How reduced tobacco consumption benefits the economy | Sunday Observer

How reduced tobacco consumption benefits the economy

25 April, 2021

A new IPS study offers empirical evidence that the net impact on the output of the national economy due to decreased tobacco consumption is positive because of increased spending on non-tobacco goods and services. 

On average, a tobacco-user household spend Rs.2,000 per month on tobacco, constituting 4% of the household budget. 

Spending on tobacco can drive out other critical household expenditures including basic needs such as food, education, health and housing. This ‘crowding out effect’ is greatest for poor families, affecting not only the smoker but the rest of the family as well. Based on the Household Income and Expenditure Survey (HIES) data of the Department of Census and Statistics (DCS) and the Economics of Tobacco Toolkit of the World Bank, a new IPS study provides empirical evidence that the net impact on the national economy’s output from decreased tobacco consumption is positive. 

The IPS study reveals that a 20% reduction in tobacco consumption will lead to a 30% net benefit to the economy through increased consumption of non-tobacco goods and services. 

Accordingly, based on the output approach, the study offers compelling evidence that reduced tobacco consumption will yield net positive gains on national income through increased consumption of non-tobacco goods and services. 

The above estimates are based solely on the output approach and do not take into account economic benefits associated with reduced tobacco use such as reduced healthcare costs, reduced environmental costs and other positive gains linked to increased non-tobacco consumption; all of which accrue benefits not just for tobacco users, but for the country as a whole.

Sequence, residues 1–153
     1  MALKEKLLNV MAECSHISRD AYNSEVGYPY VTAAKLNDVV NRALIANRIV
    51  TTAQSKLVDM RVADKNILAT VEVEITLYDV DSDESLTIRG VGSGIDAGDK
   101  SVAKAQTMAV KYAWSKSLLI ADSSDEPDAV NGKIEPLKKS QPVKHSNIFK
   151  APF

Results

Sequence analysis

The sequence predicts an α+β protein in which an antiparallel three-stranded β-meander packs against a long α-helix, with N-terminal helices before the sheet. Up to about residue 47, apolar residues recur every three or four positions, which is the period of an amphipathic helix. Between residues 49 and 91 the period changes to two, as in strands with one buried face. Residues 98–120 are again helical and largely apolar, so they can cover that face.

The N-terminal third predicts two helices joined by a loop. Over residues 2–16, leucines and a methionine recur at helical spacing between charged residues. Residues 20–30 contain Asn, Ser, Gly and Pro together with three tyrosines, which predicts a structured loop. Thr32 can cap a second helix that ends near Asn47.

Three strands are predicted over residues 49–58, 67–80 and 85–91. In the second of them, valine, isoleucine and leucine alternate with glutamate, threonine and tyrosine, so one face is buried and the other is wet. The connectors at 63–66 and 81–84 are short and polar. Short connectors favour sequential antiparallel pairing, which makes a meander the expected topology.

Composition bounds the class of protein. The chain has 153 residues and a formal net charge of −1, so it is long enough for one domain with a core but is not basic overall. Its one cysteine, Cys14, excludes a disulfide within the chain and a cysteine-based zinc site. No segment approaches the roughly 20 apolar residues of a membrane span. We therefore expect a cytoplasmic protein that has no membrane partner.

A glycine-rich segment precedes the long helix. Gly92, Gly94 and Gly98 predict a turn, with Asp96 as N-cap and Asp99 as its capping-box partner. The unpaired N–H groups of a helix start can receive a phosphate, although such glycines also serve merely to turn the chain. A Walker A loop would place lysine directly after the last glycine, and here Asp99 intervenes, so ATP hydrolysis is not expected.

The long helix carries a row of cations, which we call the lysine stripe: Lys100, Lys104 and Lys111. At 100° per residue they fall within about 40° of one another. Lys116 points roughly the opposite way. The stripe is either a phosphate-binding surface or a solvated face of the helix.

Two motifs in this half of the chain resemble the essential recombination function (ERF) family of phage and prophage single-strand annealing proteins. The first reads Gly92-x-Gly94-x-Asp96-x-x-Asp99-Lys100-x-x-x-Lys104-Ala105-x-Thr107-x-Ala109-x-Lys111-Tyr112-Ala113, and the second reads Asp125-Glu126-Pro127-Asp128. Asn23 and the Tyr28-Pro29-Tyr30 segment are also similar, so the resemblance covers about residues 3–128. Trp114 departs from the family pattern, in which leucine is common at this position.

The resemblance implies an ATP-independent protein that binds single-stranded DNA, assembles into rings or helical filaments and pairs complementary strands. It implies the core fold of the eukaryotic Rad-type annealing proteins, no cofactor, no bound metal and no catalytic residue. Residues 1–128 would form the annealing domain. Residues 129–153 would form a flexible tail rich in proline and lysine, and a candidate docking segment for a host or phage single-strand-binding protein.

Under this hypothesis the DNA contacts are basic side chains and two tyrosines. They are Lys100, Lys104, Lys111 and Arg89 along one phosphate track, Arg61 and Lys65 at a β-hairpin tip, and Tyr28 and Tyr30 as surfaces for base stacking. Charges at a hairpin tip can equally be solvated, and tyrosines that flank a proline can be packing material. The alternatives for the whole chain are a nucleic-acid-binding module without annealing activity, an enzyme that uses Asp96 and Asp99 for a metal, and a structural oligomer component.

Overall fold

Furthermore, the study shows that household spending on basic needs is negatively affected by tobacco-related expenditures. Poor families spend nearly 60-70% of their income on food, reflecting budgetary constraints for other basic needs such as education, health and housing. Notably, among the poorest 40%, tobacco-user households allocate a lower budget share on food, health, education and housing compared to tobacco non-user households. This implies that household budget allocations are constrained by tobacco expenditures.

Despite the threat of tobacco to human health, many governments have not taken sufficient action on tobacco control, partly due to concerns about the undesirable consequences on national income. The fear of a negative impact on national income by reduced tobacco production is due to a lack of information. 

This IPS study offers empirical evidence to support effective tobacco control policies in Sri Lanka. 

The findings show that implementing tobacco control policies to reduce smoking will enhance household welfare and the national economy will also benefit as a result of the released tobacco expenditure being diverted to other non-tobacco goods and services. The study, therefore, is important evidence for Sri Lankan policymakers in support of stronger tobacco control measures including higher tobacco taxation.

The report has been authored by Priyanka Jayawardena and Harini Weerasekera.